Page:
I am Cowlitz. My people are indigenous to what is currently southwestern Washington. I was born in New Jersey, lived in Washington (in Coast Salish territory, to the north of my ancestral homeland) from 2007 to 2017, and now live in Ohio. In Washington, I was introduced to Indigenous spiritual practices that I will not describe here. Know only that my physical husk was wilting around my incapacitated spirit. I had been reading tarot and trying out spells for a few months, but the occult was not enough. Native friends taught me to maintain relationships with ancestors and place spirits. I stopped drinking the alcohol that made my insides bleed. Something was lodged in there, clawing. Today, I feel it holding my lungs in its fists, and I can’t even sob hard enough to cry it out.

When I felt myself shredded, I used to wade into Lake Washington, stand on a ledge of land overlooking the bay, or walk through the strip of urban forest where cedars shaded salal. The land put me back together. In Ohio, the land and I talk like strangers. I’m running out of medicines, down to two dwindling bundles of sage, a couple of sweetgrass braids, and a charred bit of juniper that won’t light. I know who gathered these. Magic stores sell them, but I don’t know where they acquire them, so I won’t buy them.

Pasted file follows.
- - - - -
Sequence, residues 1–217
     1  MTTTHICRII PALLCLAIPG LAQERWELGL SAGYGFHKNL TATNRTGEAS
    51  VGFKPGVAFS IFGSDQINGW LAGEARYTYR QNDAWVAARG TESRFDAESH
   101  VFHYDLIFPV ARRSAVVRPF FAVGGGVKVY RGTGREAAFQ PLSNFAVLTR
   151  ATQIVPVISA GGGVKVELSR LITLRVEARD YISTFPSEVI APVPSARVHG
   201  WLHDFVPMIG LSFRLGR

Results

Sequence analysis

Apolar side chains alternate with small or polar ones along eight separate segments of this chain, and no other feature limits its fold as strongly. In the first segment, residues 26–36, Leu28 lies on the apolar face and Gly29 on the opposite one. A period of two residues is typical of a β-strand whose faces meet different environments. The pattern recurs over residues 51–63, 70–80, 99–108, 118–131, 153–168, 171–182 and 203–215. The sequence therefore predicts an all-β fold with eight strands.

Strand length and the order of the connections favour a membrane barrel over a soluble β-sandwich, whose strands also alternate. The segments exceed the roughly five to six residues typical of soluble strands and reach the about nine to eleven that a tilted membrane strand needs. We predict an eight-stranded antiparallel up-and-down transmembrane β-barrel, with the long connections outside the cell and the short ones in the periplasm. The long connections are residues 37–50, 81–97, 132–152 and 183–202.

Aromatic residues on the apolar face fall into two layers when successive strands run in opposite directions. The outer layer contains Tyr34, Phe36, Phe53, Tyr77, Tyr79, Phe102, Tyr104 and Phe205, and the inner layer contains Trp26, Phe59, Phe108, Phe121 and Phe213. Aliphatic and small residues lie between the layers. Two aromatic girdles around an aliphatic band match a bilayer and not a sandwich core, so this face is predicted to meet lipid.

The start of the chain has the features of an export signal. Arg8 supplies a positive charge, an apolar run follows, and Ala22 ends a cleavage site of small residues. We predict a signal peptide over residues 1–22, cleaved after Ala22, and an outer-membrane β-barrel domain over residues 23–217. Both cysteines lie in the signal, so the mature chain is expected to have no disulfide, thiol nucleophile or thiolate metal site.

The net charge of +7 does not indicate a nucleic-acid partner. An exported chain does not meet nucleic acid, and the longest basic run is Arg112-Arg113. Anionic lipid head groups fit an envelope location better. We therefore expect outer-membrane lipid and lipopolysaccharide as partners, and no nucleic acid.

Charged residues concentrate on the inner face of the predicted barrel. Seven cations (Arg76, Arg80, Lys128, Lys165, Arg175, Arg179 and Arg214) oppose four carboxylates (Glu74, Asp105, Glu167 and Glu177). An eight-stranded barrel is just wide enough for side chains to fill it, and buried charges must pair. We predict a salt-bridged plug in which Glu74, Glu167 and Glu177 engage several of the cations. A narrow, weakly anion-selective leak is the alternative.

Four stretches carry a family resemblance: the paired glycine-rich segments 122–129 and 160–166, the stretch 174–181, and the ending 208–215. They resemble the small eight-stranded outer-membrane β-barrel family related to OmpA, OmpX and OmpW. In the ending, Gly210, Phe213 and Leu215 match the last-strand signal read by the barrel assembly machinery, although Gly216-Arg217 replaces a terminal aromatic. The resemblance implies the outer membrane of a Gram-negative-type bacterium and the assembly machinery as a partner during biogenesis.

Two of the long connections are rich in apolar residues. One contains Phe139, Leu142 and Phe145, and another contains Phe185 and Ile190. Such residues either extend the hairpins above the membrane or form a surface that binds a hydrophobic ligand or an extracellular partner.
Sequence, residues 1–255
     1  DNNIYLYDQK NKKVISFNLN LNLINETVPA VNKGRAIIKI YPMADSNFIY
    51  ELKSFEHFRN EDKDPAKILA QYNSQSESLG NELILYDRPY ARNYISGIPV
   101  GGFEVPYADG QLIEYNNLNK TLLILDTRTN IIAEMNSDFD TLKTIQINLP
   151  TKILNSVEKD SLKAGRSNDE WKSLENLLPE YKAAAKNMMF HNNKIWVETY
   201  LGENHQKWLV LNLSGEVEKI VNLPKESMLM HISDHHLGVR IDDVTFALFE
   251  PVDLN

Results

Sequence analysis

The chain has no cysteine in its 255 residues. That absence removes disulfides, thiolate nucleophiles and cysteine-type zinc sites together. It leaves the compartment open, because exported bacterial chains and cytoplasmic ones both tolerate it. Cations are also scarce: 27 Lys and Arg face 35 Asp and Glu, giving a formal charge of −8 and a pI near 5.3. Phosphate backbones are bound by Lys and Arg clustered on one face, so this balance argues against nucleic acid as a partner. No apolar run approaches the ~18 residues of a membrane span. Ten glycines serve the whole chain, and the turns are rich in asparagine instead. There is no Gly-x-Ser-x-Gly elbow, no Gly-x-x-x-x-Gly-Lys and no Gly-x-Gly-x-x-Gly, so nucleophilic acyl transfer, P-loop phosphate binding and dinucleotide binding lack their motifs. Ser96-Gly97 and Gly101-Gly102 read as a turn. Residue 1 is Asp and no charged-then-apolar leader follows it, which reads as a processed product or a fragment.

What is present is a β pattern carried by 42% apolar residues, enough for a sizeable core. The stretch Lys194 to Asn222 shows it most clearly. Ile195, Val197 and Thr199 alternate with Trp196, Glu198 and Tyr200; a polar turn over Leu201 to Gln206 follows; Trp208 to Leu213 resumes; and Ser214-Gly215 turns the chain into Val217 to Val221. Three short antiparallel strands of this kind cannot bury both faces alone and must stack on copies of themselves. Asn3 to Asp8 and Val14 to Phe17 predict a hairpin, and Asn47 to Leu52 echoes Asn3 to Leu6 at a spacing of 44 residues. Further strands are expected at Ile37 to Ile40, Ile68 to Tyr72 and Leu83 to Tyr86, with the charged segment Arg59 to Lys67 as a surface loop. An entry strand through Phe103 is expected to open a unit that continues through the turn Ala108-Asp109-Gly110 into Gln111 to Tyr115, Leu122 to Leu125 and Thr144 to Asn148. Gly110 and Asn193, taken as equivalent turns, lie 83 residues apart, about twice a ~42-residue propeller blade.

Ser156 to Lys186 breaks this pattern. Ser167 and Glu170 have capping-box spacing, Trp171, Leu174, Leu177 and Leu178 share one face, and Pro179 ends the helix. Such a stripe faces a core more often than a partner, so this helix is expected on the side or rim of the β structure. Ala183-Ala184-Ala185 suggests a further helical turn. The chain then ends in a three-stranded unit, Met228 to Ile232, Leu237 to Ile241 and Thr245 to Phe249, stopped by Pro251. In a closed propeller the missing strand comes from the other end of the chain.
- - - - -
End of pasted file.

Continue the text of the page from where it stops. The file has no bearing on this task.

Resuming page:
Witches of the Internet photograph sage bundles against bright white backgrounds and market them as space-clearing incense. To me, the medicines have nothing to do with witchcraft, except that I use both to speak to spirits. I am not a medicine woman or a healer. I am a person with an Internet connection and a credit card I can use to buy candles and charmed oils to cast the kind of spell that might rip a little hole in the world, the kind I might wish I could take back once it’s done, the only kind I believe in. If I don’t follow the spells as written, am I really a witch? The truth is I’m not a witch, exactly: I’m a person with prayers, a person who believes in spirits and plays with fire.